McGill, News

Profs4Palestine campus tour highlights McGill’s academic ties to Israel

In the late afternoon of April 10, a crowd of around 50 staff and students gathered in front of the Nahum Gelber Law Library for a subversive “esprit rassembleur” tour of McGill. Led in collaboration by Profs4Palestine—a group of McGill professors united against the ongoing genocide of Palestinians—and students, the event took participants across campus to discuss the complicity of several McGill faculties in the ongoing genocide of Palestinians. 

Omar Farahat—an associate professor in the Faculty of Law and an organizer of the event—acknowledged the importance of student-led mobilization on campus in support of Palestine over the last several months in a written statement to The Tribune

“[The idea of collaboration] came after the administration sent several messages threatening police intervention and legal prosecution against protesting and striking students, which made this collaborative effort more urgent as a sign of solidarity among students and professors,” Farahat wrote.

On March 28, Provost and Executive Vice-Principal (Academic) Christopher Manfredi sent an email to the McGill community defending the university’s choice to call police to campus on student demonstrators, also noting that the police had made at least one arrest and that McGill was pressing charges. Manfredi ended the email by reinforcing the university’s commitment to protecting McGill’s esprit rassembleur—the idea of the university as a site where people come together and exchange ideas. The tour’s name is a reference to Manfredi’s use of the term in this email.

In an email to The Tribune, McGill’s Media Relations Office wrote that the university respects community members’ rights to freedom of speech and assembly as long as they remain within the limits of McGill’s policies and the law. The office stated that when demonstrators’ actions violate these rules, police will intervene to protect the safety of everyone on campus. They also explained that McGill will not sever academic ties with Israeli institutions “simply because of where [they are] located.”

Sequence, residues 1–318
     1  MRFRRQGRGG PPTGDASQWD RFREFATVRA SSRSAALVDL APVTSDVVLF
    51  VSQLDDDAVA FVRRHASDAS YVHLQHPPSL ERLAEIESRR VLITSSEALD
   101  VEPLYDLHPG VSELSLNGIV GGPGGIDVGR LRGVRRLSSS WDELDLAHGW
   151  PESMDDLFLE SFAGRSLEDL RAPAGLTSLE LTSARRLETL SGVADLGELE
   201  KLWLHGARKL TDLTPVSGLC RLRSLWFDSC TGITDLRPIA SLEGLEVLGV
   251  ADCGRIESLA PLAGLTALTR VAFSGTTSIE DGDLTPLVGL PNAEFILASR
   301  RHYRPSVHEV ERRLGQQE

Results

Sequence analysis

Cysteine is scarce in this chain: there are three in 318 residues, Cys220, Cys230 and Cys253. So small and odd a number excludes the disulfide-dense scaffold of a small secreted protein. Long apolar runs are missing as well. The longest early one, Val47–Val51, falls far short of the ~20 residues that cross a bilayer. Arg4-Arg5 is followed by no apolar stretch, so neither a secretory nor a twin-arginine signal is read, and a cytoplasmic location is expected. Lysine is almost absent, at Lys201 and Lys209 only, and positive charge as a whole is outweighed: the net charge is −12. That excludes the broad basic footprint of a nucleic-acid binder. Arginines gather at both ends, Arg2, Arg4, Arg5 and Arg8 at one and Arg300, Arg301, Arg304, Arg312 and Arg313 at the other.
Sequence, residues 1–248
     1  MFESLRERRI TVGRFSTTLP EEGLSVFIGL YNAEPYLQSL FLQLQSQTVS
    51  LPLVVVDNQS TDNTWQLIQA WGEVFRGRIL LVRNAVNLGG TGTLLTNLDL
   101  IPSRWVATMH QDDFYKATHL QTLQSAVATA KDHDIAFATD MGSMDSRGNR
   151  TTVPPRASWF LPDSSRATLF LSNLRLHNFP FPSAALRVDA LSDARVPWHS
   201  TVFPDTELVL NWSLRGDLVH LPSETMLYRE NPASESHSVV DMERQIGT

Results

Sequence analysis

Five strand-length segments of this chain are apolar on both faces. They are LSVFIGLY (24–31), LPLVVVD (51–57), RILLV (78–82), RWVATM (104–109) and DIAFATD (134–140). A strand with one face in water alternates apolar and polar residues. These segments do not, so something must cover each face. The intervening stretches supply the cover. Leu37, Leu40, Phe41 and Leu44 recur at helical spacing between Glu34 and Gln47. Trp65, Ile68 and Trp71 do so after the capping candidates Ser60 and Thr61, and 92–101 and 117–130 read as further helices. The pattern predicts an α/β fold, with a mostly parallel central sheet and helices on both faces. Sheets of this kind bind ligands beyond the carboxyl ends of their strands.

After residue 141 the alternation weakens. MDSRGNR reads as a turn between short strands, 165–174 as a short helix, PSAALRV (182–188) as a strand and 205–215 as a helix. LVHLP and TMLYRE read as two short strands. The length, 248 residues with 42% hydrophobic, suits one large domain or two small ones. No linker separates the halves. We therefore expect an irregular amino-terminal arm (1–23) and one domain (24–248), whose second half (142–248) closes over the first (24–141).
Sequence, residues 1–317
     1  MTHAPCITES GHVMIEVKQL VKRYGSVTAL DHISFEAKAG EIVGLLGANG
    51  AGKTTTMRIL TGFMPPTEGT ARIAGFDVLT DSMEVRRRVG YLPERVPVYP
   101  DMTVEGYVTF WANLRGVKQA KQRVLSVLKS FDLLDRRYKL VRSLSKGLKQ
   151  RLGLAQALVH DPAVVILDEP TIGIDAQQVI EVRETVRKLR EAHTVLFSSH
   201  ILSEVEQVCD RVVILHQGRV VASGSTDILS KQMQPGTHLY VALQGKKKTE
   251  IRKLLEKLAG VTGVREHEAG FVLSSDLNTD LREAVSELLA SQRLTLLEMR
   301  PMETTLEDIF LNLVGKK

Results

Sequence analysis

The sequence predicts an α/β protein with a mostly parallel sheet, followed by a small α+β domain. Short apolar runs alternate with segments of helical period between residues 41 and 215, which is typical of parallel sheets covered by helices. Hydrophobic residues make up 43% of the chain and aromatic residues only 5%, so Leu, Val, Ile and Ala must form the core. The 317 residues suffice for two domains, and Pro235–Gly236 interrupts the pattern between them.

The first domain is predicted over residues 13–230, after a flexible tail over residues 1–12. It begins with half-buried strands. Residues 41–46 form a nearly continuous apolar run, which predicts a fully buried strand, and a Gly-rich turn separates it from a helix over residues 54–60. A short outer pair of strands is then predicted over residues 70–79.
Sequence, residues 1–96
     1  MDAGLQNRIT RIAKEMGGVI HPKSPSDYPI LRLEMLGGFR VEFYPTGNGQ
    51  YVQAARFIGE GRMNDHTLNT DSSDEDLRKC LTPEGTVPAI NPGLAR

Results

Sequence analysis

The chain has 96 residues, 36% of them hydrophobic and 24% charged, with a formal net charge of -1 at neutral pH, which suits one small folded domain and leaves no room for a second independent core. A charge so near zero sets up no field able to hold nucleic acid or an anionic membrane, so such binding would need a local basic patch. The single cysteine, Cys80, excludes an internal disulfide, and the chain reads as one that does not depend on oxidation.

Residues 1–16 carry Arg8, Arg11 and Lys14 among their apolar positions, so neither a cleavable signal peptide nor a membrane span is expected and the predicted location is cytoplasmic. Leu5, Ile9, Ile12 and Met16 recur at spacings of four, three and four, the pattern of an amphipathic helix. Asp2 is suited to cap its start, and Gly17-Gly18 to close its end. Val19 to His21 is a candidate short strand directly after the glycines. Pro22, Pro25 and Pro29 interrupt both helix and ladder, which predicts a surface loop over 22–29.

“As the president [Deep Saini] stated in his Nov. 2 message to the community, weighing in on geopolitical crises around the world lies beyond a university’s mandate and role,” the office wrote. “Our academic mission is most faithfully served when institutional views are limited to what happens here on our campuses, so that all students, faculty, and staff feel included as members of our community, regardless of their identities and personal beliefs.”

After discussing the Faculty of Law’s complicity in the genocide of Palestinians, the tour moved to the Education Building. On the front steps of the building, speakers criticized the faculty’s academic partnership with Tel Aviv University—which is involved in research and development for the Israeli military—through the Sylvan Adams Sports Science Institute. They also denounced the faculty’s failure to recognize the ongoing scholasticide in Gaza, including the destruction of all 12 universities.

Following stops in front of the Bronfman Building and McConnell Engineering Building to discuss the faculties of management and engineering, the tour headed to the Macdonald-Harrington Building to discuss the School of Architecture’s academic ties to Israel. There, a student speaker and Professor Ipek Türeli condemned the faculty’s celebration of being gifted the professional archive of Moshe Safdie, who designed the Israeli settler city Modi’in on dispossessed Palestinian land. They also criticized the faculty’s curriculum for failing to make students aware that the buildings on which they attend class—as well as the “vacant plots” where they are asked to design architectural proposals—are on unceded or stolen land.